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The Battle for Digital Privacy is Reshaping the Internet

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The Battle for Digital Privacy is Reshaping the Internet

As Apple and Google enact privacy changes, businesses are grappling with the fallout, Madison Avenue is fighting back and Facebook has cried foul.

The New York Times,

5 min read
3 take-aways
Audio & text

What's inside?

The world’s big tech leaders are starting to take privacy seriously – and that worries advertisers.

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  • Comprehensive
  • Analytical
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The tech industry’s titans are starting to take privacy seriously, including the sale and use of people’s personal information. As Brian X. Chen reports in The New York Times, Apple’s iPhones now ask users’ permission to track their activities, Google might eliminate tracking on its Chrome browser, and Facebook says it's working to target ads without exploiting your personal information. The $350 billion a year digital ad industry that supported the internet is shifting – but something has to take its place.


Technology giants seek to earn ad revenue amid issues related to privacy and the use of personal information.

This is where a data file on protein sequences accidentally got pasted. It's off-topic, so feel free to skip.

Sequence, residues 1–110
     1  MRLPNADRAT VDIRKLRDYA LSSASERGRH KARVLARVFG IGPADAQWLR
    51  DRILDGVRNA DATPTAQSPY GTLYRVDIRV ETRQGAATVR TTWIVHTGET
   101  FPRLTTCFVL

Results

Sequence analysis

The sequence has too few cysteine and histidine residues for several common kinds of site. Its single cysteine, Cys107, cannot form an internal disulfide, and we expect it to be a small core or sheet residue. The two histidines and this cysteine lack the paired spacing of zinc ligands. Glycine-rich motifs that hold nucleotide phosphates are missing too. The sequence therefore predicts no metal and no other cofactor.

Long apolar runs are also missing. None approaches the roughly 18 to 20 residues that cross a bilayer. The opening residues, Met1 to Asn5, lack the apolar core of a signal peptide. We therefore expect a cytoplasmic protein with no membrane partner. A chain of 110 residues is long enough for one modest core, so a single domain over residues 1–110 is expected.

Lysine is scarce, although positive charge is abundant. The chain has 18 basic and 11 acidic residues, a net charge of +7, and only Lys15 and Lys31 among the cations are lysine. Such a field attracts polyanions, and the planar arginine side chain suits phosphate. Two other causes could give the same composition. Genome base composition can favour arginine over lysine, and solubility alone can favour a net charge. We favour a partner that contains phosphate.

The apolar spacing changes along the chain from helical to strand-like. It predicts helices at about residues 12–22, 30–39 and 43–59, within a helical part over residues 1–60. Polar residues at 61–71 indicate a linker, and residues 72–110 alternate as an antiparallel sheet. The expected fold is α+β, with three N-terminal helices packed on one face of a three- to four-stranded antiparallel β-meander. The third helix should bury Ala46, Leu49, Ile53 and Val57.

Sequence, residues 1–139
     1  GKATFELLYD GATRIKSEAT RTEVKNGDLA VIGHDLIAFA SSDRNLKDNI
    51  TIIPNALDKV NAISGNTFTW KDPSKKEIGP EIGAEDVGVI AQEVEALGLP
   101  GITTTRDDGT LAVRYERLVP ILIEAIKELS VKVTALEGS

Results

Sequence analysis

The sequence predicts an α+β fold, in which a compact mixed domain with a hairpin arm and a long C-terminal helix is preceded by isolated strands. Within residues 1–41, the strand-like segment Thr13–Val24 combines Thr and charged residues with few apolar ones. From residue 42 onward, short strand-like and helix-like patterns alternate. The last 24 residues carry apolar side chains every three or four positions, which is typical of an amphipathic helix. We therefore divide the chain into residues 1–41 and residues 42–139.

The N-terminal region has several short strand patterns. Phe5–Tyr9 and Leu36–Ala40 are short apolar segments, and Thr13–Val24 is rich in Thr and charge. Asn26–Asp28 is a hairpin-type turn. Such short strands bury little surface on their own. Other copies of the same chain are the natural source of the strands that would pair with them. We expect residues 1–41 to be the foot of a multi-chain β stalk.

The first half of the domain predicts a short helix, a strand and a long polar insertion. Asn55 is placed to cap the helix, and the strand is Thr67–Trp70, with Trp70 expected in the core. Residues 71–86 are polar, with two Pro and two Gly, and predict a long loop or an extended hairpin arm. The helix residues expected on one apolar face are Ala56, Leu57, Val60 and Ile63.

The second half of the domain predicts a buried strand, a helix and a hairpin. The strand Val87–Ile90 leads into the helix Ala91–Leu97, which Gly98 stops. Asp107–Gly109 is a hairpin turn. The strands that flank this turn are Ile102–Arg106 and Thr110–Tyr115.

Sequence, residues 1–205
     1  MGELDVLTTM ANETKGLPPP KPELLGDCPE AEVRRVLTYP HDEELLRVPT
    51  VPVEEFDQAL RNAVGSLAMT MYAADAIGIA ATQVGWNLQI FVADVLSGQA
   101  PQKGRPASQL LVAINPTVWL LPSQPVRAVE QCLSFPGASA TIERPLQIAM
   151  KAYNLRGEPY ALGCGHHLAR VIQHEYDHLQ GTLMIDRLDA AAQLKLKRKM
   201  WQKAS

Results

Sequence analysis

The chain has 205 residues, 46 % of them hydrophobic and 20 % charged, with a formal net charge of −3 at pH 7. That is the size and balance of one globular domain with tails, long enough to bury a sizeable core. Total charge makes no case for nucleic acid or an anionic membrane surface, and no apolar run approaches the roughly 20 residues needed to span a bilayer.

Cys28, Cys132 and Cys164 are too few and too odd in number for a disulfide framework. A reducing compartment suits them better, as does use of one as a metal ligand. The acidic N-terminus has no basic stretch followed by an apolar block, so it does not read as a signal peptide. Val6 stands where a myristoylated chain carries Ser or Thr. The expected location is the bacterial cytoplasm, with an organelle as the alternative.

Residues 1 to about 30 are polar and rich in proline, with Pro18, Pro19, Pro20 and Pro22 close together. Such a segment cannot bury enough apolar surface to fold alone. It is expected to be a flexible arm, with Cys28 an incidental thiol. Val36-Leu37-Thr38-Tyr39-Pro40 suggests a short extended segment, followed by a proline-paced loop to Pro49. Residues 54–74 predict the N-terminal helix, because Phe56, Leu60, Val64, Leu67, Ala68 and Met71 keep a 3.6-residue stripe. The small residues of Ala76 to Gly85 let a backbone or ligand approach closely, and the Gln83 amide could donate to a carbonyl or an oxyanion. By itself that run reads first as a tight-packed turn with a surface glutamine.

Digital advertising, a $350-billion a year industry, has fueled the internet since the early 1990s. Cookies – digital tags placed in people’s browsers – then made it possible to track users’ internet use, giving companies the information they need to target marketing campaigns precisely. The advent of the iPhone and Android – and their app stores – meant companies could place trackers inside individual apps and monitor what users do within them. This data, combined with the information from cookies, facilitated even more fine-grained targeted marketing.

The era of massive, lucrative digital advertising campaigns may be over. With the public uneasy about privacy and the use of personal information for marketing, major tech companies are changing the way...

About the Author

Brian X. Chen is the lead consumer technology writer for The New York Times.

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